An action-packed, star-studded, Hong Kong martial arts comedy western adventure film, starring and directed by Sammo Hung. Also known as “Shanghai Express” in some territories.
This film must have one of the largest cast lists of Hong Kong martial arts stars, if not the largest!
Leading man is Sammo Hung as “Ching Fong-tin”. Sammo is the “Big Brother” of Jackie Chan, having trained at the same Chinese Opera School as children, and is also considered the “Big Brother” of the Hong Kong martial arts action industry. In the nineteen-seventies, Sammo’s fluid choreography in films such as “Warriors Two“, “The Prodigal Son” and “Knockabout“, led to an evolution in Hong Kong movie fighting styles. By the eighties, Sammo’s fame and reputation had grown, and he showed he could adapt to any genre be it fantasy, contemporary, comedy or drama. He even invented a new one, Kung Fu Horror, with “Encounters of the Spooky Kind”. Often casting his fellow students from Yu Jim Yuen’s Opera School, the respect for Sammo’s work allowed him to also cast some of the most popular stars in Hong Kong for “Millionaire’s Express”.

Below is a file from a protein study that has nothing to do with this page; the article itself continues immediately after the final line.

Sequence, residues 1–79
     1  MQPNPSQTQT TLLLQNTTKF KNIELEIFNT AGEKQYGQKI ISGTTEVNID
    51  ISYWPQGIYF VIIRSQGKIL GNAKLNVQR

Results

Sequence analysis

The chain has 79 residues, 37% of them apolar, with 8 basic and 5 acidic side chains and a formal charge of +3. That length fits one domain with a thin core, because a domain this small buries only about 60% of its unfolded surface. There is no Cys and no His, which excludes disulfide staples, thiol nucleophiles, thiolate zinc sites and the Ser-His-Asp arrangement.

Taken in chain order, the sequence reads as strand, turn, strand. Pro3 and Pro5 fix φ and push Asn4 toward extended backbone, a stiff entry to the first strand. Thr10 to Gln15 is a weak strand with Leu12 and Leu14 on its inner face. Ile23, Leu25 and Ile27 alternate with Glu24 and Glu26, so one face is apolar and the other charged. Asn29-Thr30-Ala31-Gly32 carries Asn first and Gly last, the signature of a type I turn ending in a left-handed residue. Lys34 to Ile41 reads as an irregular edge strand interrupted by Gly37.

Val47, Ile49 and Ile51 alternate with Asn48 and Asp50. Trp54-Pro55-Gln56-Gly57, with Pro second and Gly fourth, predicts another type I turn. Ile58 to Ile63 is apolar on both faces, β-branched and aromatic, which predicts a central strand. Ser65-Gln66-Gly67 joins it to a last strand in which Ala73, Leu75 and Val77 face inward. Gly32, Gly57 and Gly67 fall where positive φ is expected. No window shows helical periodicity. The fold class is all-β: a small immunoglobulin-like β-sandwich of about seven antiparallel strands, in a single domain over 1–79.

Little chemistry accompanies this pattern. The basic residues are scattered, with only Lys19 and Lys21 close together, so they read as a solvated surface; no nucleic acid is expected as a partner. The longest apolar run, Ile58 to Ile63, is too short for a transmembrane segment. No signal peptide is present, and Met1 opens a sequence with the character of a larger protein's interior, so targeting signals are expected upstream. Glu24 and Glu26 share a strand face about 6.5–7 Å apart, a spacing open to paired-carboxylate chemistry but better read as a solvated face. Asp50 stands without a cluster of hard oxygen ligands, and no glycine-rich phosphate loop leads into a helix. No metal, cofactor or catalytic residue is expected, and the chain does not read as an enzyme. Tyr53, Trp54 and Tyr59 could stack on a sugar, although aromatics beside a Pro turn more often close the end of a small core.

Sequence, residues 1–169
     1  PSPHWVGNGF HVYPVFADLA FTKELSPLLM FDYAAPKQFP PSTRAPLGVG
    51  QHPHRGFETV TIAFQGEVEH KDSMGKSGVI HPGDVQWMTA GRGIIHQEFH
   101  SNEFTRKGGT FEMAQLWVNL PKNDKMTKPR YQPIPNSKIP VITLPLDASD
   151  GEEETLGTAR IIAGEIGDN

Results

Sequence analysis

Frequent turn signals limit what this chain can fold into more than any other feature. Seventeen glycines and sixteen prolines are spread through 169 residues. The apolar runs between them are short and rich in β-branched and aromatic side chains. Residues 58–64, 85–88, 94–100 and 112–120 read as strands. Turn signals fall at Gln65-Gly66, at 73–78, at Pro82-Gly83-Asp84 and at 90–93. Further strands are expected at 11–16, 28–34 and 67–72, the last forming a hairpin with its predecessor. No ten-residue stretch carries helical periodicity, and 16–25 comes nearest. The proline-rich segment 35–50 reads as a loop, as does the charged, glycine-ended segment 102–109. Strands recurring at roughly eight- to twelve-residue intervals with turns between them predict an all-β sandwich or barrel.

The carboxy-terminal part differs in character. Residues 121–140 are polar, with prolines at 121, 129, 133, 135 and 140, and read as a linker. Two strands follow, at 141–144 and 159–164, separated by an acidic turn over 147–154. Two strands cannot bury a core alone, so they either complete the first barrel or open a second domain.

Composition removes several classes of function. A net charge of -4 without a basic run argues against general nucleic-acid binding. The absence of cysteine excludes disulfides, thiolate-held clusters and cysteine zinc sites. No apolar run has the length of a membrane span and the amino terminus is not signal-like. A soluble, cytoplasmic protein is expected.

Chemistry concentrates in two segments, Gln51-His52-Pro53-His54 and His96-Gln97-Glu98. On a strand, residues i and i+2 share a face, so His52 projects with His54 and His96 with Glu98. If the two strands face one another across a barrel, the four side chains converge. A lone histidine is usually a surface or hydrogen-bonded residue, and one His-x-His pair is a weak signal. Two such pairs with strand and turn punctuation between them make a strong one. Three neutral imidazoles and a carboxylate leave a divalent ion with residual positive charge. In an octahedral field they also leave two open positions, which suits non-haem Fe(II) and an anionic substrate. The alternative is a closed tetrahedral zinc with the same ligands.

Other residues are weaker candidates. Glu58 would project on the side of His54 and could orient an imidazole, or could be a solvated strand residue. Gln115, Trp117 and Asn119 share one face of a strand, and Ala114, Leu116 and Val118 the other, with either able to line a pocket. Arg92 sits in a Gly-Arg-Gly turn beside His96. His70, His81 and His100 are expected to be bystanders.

Supporting Sammo is his long-time collaborator Yuen Biao as “Tsao Cheuk Kin”, the Town Fire Chief. In the trinity of Sammo Hung, Jackie Chan and Yuen Biao, Biao is probably considered the most acrobatic, often combining those talents with some incredible kicking skills. Renowned stuntman and a regular in Sammo’s productions, Chin Ka-lok plays one of Yuen Biao’s firefighters.
Western stars Cynthia Rothrock and Richard Norton, who made it big in Hong Kong action films, play a pair from the gang of bandits. Regular bad guy in films such as “Yes, Madam” and “The Prodigal Son”, Chung Fat also plays a bandit. Chung Fat rose to prominence in Sammo’s horror films “Dead and the Deadly” and “Encounters of the Spooky Kind”. They are joined by frequent Sammo Hung supporting players and stars in their own right, Lam Ching-Ying (Mr Vampire), Yuen Wah (Eastern Condors), Wu Ma (Encounters of the Spooky Kind), Eric Tsang (My Lucky Stars), Lau Kar-wing (Odd Couple), Dick Wei (Project A), James Tien (Fist of Fury) and Hsiao Ho (My Young Auntie).
Playing a gang of wandering Samurai are super-kicking legend Hwang Jang-lee (Drunken Master), Yasuaki Kurata (Legend of a Fighter) and Yukari Oshima (Angel).